Melatonin can help people who suffer with sleep issues and disturbances to get a good night's sleep. | Source

The required dosage of melatonin can vary from person to person but taking more isn't always better. Melatonin works best when used in a way that mimics its natural production in the body. This natural production can be mimicked by taking small amounts over a length time in response to light decreasing as night falls. Melatonin is also available in standard dose tablets which although effective for most people, some have found that although the tablets help them get to sleep they are still not able to sleep for long periods and wake up in the night. Slow release tablets can help to resolve this problem as the dosage of melatonin is then released into the body slowly over a period of time in a way that more closely matches the natural production of melatonin.

Melatonin is believed to be very effective in treating insomnia and disruptions to the sleep/wake cycle in children and adults with medical conditions such as autism, ADHD, cerebral palsy and central nervous system disorders. In many cases people who have these types of conditions can also have difficulty falling asleep at night, resulting in large amounts of stress and frustration as they lay awake for hours each night. Supplementation with melatonin can also help decrease this and make it much easier to fall asleep.

A study that was carried out at the Kennedy Krieger Institute in Baltimore found that around 70% of children with autism also suffered with sleep related issues. This study found that giving these children low doses of melatonin helped them to fall asleep faster and stay asleep longer at night.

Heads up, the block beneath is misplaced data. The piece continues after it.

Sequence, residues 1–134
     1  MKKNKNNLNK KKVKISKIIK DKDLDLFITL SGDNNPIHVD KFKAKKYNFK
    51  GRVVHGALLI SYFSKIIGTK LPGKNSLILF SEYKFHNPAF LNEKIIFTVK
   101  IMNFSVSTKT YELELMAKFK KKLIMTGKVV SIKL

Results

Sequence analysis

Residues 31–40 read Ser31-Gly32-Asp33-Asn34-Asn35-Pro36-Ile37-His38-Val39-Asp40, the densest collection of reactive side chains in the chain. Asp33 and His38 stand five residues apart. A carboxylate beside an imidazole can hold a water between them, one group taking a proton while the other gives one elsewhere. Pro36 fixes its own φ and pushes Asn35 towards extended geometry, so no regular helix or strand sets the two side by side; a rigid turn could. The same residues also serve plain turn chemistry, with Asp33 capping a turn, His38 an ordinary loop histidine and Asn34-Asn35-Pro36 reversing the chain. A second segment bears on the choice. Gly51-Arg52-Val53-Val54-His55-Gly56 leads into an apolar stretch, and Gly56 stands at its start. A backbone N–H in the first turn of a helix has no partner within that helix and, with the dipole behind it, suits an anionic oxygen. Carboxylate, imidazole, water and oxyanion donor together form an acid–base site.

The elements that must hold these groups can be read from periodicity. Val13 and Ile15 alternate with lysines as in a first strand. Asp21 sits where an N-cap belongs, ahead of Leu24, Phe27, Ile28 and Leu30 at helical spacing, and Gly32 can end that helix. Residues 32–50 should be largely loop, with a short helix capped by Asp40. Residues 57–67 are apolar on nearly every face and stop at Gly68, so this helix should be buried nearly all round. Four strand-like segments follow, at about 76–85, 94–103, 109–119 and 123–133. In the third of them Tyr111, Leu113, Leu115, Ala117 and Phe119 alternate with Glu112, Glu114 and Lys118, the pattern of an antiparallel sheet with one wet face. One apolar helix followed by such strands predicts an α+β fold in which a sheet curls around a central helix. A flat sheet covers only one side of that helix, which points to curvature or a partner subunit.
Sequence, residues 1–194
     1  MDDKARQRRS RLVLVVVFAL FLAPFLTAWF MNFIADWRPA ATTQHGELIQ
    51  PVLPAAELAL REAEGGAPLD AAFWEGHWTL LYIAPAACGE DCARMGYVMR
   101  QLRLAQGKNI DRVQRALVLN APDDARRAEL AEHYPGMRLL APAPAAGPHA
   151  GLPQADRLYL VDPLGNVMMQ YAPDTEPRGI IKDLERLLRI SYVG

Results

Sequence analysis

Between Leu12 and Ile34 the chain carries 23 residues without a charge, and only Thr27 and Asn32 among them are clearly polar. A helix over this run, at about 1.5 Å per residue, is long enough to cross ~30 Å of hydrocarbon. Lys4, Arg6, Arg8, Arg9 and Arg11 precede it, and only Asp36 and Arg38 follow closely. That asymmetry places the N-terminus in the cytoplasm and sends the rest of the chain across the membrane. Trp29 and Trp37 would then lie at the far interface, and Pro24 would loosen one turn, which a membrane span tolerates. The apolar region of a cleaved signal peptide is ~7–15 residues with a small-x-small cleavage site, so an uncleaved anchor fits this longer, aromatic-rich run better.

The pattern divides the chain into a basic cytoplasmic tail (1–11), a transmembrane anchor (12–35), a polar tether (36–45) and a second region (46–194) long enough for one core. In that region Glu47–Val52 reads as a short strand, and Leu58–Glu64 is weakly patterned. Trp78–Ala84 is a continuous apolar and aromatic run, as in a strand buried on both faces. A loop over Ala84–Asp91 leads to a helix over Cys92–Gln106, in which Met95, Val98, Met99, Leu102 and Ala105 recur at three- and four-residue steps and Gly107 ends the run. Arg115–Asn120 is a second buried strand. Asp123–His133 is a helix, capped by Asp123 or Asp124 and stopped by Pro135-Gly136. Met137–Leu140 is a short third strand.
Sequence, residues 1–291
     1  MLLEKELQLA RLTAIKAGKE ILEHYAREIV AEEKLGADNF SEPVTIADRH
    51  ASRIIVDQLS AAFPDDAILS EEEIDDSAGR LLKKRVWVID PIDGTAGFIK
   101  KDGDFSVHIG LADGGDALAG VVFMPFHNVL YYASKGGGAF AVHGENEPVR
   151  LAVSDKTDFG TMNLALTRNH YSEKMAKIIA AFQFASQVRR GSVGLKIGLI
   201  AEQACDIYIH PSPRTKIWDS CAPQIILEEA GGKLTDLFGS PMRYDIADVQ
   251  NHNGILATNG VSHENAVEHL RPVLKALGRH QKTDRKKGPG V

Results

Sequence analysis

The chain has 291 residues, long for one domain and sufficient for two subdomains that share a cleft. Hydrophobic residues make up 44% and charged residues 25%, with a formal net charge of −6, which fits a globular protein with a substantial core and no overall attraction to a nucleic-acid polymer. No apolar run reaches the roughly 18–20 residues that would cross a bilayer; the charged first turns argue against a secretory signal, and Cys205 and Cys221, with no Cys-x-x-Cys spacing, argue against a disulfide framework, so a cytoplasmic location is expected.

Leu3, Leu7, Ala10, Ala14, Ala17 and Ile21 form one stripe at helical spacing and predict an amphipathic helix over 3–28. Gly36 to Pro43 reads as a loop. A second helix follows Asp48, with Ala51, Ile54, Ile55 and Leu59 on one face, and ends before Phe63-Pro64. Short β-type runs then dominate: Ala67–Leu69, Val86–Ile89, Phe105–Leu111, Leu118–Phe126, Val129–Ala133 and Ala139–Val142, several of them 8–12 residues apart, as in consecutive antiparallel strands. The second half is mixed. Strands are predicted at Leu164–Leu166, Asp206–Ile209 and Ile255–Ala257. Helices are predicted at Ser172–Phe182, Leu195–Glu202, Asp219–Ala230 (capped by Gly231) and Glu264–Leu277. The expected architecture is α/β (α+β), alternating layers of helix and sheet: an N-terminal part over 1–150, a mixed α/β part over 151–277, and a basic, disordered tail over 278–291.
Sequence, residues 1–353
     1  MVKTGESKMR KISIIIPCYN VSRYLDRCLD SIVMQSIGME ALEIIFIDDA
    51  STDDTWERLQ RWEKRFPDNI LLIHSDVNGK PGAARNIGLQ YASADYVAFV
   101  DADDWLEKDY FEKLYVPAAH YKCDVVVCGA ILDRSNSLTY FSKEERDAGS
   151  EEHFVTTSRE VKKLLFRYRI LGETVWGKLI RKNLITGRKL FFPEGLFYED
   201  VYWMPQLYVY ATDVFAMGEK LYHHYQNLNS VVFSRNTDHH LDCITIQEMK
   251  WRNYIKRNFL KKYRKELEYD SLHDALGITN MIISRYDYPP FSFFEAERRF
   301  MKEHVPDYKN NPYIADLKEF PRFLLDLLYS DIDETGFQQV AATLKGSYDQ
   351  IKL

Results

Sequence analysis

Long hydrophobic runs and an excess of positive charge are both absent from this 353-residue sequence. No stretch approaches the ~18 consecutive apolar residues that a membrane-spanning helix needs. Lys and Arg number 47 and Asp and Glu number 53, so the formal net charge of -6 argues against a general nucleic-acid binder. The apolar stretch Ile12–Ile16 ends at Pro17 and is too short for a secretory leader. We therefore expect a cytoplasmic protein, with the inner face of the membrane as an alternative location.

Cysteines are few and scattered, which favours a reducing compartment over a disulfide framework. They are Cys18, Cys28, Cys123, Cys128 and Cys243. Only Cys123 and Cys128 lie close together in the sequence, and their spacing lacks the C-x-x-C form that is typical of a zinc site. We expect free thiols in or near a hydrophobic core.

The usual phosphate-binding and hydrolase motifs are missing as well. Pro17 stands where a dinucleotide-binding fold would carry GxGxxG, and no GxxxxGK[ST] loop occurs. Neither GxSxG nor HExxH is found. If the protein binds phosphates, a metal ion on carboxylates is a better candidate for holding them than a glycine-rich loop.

© 2012 Claire


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    • Elderberry Arts profile image

      Claire 5 years ago from Surrey, Uk

      I use it and have found it varies too. But does help me get to or back to sleep better, even if I do end up waking up ever few hours still.

    • woothie profile image

      woothie 5 years ago from Ontario, Canada

      My son has autism and we sometimes use Melatonin to help him sleep. Sometimes, it works within miniutes. Out cold! Other times, he's awake for hours. It depends greatly on his mood.

    • Elderberry Arts profile image

      Claire 6 years ago from Surrey, Uk

      I first heard of it about 10 years ago when Andrew had a lot of trouble sleeping but couldn't get it prescribed or find anywhere to buy it. Much easier to get hold of now a lot of people, including doctors don't seem to really understand what it does. People think they can just take a pill and sleep but it's not a sleeping pill. Then they get disappointed and try taking more which doesn't help or give up and think it's no good.I have had sleeping problems for years now but taking melatonin has made a massive difference once I had figured out the dose that worked for me :)

    • KarenCreftor profile image

      Karen Creftor 6 years ago from Kent, UK

      Very interesting and useful hub thanks!!

      I've only heard of melatonin in reference to getting 'out and about' in the sunshine.

      Will definitely be looking into this more :D

      ~Kaz x